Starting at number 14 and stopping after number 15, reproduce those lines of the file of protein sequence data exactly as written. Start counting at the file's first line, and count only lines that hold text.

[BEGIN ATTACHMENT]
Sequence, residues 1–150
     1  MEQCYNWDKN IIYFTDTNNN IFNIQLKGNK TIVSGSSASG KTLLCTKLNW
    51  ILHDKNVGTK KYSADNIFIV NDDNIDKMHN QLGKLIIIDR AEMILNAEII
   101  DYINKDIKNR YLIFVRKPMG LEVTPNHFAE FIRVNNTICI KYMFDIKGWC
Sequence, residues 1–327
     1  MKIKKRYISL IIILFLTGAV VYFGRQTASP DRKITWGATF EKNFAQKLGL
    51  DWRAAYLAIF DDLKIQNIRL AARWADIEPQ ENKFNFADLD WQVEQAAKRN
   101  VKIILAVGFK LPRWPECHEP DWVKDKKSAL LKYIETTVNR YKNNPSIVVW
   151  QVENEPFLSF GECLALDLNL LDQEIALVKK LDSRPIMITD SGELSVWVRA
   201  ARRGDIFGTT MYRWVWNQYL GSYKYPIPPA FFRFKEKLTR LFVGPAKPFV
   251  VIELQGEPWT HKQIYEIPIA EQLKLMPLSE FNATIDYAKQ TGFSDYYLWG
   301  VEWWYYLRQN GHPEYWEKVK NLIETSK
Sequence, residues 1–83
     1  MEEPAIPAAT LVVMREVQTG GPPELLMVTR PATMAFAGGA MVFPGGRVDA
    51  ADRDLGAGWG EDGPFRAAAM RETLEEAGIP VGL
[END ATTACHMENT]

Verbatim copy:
     1  MEEPAIPAAT LVVMREVQTG GPPELLMVTR PATMAFAGGA MVFPGGRVDA
    51  ADRDLGAGWG EDGPFRAAAM RETLEEAGIP VGL